New Dietary Guidelines Will Not Include Sustainability Goal
RENEE MONTAGNE, HOST:
And now eating well with food that keeps you healthy is one thing. And then there is choosing food that's healthy for the planet. A panel of nutrition experts tasked with advising the government on how to update its dietary guidelines concluded that environmental impacts should be a consideration in our diets. Though, as NPR's Allison Aubrey reports, it now appears this controversial provision will not be included in the new guidelines.
ALLISON AUBREY, BYLINE: Every five years, the federal government updates its official nutrition advice, aimed at helping Americans eat better. And this time around, its advisory panel added something new to the mix. They concluded that a diet higher in plant-based foods and lower in animal products may not only be better for our health but is also associated with less environmental impact. For instance, consider water.
KATHLEEN MERRIGAN: Agriculture consumes about 70 percent of consumptive water use.
AUBREY: That's Kathleen Merrigan, the executive director of the Sustainability Institute at George Washington University. She was not on the committee, but she's just weighed in with an editorial published in Science magazine. She says much of the debate focuses on meat production because it uses lots of water and land to grow grain to feed livestock. It also produces methane emissions.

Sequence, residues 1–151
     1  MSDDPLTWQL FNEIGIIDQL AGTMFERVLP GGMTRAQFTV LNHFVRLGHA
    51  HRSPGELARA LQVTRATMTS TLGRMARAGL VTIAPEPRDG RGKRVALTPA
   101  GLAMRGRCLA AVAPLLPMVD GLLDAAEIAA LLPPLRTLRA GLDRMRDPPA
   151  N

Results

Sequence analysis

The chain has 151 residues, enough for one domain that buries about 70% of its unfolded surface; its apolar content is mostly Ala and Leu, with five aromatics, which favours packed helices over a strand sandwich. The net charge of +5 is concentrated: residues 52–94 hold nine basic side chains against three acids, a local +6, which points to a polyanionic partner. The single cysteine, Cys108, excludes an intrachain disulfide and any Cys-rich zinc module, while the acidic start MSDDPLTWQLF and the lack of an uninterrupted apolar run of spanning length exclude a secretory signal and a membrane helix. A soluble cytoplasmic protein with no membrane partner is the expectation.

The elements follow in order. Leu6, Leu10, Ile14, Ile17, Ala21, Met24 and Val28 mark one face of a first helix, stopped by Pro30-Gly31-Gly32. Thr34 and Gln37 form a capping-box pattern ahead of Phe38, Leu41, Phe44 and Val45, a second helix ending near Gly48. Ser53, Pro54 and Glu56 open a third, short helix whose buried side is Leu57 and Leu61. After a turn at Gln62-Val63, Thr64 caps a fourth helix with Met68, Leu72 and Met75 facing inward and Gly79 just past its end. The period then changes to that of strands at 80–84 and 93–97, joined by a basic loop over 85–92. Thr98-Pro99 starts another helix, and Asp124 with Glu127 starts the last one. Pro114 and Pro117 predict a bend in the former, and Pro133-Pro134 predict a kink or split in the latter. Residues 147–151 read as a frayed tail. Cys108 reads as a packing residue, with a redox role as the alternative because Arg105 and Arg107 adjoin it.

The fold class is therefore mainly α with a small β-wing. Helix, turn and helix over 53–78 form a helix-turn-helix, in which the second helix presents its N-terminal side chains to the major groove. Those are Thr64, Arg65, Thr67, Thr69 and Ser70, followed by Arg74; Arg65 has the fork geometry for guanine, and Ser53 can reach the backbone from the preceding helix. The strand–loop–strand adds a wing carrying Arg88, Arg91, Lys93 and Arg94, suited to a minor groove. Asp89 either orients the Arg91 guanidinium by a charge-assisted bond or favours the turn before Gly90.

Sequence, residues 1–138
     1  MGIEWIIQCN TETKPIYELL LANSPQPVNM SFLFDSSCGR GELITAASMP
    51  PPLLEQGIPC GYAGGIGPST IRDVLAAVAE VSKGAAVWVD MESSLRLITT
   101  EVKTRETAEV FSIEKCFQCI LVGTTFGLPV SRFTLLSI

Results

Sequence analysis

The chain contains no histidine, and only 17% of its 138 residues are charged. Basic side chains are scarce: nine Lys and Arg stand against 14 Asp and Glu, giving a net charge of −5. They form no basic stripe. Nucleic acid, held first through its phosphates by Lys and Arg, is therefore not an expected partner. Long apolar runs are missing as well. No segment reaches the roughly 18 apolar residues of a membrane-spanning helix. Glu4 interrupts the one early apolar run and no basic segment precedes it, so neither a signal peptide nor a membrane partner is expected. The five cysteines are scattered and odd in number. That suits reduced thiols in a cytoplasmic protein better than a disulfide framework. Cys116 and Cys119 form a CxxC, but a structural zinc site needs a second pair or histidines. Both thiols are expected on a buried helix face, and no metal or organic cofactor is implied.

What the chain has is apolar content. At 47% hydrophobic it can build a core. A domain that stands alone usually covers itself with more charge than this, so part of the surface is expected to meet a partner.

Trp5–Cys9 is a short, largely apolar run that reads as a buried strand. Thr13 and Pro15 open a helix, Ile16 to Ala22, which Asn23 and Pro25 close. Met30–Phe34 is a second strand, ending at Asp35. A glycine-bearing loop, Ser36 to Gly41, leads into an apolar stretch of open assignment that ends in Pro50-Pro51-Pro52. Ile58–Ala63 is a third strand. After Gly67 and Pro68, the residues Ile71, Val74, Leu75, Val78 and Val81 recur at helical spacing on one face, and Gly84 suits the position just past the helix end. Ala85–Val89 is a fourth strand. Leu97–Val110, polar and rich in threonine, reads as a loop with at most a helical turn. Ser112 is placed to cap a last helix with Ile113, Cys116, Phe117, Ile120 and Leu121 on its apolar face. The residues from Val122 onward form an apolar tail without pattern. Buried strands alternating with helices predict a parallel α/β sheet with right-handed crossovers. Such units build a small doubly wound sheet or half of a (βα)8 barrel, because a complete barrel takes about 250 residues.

MERRIGAN: There are a lot of complex issues around livestock production that suggest, quite strongly, that we need to reduce meat consumption for sustainability reasons.
AUBREY: Now, the meat industry has been lobbying against the inclusion of a sustainability goal in the dietary guidelines. Here's the North American Meat Institute's Janet Riley.
JANET RILEY: In our view, this is clearly out of scope.
AUBREY: Riley says meat has been unfairly targeted.
RILEY: If you compare 10 pounds of apples and 10 pounds of meat, the meat surely has the larger carbon footprint, but it also delivers more nutrition. It will nourish more people longer.
AUBREY: At least in terms of calories and protein. Riley says a more thorough evaluation is needed.
RILEY: Going forward, if we're going to talk about sustainability, we just need to have a more complete picture.
AUBREY: On this point, folks on both sides can agree. GW's Kathleen Merrigan says we should consider the ecological footprints of all foods, even, for example, heart-healthy almonds.
MERRIGAN: A single almond takes about 2.8 liters of water to produce. So when you look at it in the sustainability perspective, that makes you stop cold and say mhmm (ph).
AUBREY: Given the drought in California, Merrigan says the question becomes should we limit consumption and find alternatives that are easier on the planet? Now, sustainability advocates had hoped that this issue would be discussed today when the two cabinet secretaries responsible for issuing the guidelines are scheduled to testify before a congressional committee.
But late yesterday, Tom Vilsack of the U.S. Department of Agriculture and Sylvia Burwell, secretary of Health and Human Services, issued a joint statement saying that sustainability is an important policy conversation, but they do not believe it falls within the scope of dietary guidelines. The final guidelines are still being drafted and are expected by later this year. Allison Aubrey, NPR News, Washington. Transcript provided by NPR, Copyright NPR.